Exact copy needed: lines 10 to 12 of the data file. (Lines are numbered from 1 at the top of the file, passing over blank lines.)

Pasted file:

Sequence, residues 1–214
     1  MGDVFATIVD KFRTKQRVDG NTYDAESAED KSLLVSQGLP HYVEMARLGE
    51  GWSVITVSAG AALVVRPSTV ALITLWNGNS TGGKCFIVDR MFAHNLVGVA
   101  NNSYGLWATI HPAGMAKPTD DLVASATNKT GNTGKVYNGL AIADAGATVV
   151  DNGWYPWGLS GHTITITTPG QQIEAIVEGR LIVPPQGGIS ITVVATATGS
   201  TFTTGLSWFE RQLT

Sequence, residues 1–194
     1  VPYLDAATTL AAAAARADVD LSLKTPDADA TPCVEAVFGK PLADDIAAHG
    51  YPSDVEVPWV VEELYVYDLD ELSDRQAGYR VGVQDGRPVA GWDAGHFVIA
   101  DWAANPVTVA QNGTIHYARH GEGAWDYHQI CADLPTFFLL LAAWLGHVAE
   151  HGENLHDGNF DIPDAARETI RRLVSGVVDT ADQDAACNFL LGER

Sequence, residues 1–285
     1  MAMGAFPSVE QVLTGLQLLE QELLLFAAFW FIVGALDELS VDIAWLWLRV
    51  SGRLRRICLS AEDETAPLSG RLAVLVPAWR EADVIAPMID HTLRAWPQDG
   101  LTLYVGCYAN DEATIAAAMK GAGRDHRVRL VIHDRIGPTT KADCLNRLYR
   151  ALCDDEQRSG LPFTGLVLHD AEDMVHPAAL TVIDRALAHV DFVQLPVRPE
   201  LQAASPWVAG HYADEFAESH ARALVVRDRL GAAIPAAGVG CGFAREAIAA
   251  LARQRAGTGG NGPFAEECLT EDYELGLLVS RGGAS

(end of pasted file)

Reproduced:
   101  DWAANPVTVA QNGTIHYARH GEGAWDYHQI CADLPTFFLL LAAWLGHVAE
   151  HGENLHDGNF DIPDAARETI RRLVSGVVDT ADQDAACNFL LGER

Sequence, residues 1–285